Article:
Based on a study by the U.S. Centers for Disease Control, published in the Annual Youth Behavioral Risk Survey Report, high school going youth in Detroit reported higher rates of risky behavior, fear of violence, psychological, economic, and social-emotional problems than youth in the state or the nation at large (The Skillman Foundation 15). The report indicated that, the harsh neighborhood conditions contributed to the high insecurity and safety rates in the neighborhoods and school premises. Of notable concern, is the high likelihood of Detroit students carrying a weapon to school or failing to attend classes and exhibiting risky behaviors (The Skillman Foundation 18).
The resulting problem of early childhood trauma and homelessness contributes to the high dropout rate in Detroit and its environments. Mistreated children may experience long-term effects including stress, reduced self-esteem, aggression, withdrawal, inappropriate behavior and other socio-economic hardships. In 2009, more than 30, 300 cases of child abuse and neglect were recorded in Detroit, a rate of 14.2 per 1,000 children up to the age of 17. During the same year, at least 5.3% of Detroit children were placed in and out of foster care—indicating a rate of 12 per 1,000 children (Messacar and Oreopoulos 7).
Over the years, Detroit has recorded the highest violent crime rates countrywide. The constant threat of violence in low-income communities remains one of the contributing factors to the low enrollment and attendance levels among Detroit high school youth. A report on Detroit crime rates in 2006 indicated that, more than 21,300 violent crimes were reported in Detroit— which is five or six times the statewide average (Perna 7). More information indicates that, Detroit has the highest rate of youth homicide incidences, with 30 percent of homicide victims being youth aged 24 and under, a further 85 percent were African-Americans, mostly males—a factor consistent with their considerable proportion in the overall Detroit’s population. Therefore, with the struggle to contain the violence, the educational and educational success of young people in Detroit remains highly challenged. The perceived generation poverty cycle in most Detroit families, primarily results from a large percent of heads of households without high school diplomas. Current figures indicate that, 29% of family heads in Detroit are without a high school certificates and, therefore, not capable of gaining meaningful employment to support the academic achievement of their children (The Skillman Foundation 19).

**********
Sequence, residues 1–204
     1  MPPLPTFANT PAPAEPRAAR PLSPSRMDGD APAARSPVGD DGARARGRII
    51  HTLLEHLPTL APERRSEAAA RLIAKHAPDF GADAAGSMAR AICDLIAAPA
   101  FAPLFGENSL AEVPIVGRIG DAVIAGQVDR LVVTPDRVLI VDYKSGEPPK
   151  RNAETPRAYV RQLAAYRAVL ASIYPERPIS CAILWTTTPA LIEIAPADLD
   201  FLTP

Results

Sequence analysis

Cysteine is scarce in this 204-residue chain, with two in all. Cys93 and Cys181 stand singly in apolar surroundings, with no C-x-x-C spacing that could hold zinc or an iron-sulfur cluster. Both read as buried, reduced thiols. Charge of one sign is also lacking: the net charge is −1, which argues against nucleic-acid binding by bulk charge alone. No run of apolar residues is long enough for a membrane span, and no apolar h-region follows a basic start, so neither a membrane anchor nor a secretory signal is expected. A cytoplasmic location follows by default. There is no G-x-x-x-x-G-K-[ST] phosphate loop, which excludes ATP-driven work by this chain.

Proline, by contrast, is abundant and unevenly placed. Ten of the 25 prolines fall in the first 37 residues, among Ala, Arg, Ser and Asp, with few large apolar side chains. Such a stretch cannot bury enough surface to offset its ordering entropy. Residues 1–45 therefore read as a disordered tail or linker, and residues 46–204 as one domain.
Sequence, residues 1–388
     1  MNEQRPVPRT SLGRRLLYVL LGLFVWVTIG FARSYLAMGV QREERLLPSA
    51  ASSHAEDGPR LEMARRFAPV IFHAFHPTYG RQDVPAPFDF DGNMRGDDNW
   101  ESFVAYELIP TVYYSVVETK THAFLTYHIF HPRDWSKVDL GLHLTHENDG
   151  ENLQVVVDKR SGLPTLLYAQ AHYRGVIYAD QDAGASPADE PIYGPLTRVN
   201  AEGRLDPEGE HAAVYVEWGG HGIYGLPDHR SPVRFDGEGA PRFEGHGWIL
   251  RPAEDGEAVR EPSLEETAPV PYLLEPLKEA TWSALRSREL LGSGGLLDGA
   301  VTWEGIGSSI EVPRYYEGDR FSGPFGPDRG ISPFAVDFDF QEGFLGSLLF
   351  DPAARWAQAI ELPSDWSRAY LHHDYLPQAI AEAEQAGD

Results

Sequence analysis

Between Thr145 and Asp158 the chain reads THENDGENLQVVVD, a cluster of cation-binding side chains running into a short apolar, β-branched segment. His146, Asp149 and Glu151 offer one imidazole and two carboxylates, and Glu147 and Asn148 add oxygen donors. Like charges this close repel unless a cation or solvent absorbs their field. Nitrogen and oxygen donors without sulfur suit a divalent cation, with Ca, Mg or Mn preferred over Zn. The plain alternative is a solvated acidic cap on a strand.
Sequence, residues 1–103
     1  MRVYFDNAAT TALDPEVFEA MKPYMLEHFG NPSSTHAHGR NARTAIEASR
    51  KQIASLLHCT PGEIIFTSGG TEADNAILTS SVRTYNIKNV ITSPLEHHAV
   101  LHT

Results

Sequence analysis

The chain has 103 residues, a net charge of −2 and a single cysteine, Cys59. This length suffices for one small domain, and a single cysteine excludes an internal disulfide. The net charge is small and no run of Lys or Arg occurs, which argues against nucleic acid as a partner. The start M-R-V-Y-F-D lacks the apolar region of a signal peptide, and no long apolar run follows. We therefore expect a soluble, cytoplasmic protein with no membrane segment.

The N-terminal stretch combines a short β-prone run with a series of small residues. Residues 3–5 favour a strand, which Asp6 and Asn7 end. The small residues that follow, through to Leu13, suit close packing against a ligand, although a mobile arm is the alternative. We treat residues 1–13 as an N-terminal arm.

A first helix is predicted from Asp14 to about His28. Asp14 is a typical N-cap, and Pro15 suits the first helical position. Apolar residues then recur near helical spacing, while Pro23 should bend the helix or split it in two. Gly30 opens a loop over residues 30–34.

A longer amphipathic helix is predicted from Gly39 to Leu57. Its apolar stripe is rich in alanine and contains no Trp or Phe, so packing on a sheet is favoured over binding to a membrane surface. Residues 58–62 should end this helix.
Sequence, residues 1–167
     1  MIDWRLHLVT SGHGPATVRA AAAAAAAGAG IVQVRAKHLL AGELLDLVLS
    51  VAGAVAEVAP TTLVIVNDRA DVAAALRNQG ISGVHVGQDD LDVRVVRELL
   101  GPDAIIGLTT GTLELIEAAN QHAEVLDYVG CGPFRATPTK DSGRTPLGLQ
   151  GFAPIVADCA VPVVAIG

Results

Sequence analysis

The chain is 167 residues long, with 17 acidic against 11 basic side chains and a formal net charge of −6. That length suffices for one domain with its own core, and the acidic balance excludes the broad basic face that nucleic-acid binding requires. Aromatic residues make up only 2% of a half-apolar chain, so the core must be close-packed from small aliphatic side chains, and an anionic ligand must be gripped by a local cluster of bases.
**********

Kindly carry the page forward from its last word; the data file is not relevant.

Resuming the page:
One of the major ways students are pushed out of the education system in Detroit is the harsh disciplinary policies and practices applied in most schools in the Detroit City District. Combined with the deteriorating and underutilized school facilities, and the understaffing problem, most of these policies and practices have done more harm than good in improving the quality of education in Detroit (Rivers and Barnett 163). For instance, Detroit rate of student suspension is three times the national average, with studies indicating that African-American student are far more likely to get suspended or expelled from school than their white counterparts (Rath et al. 21).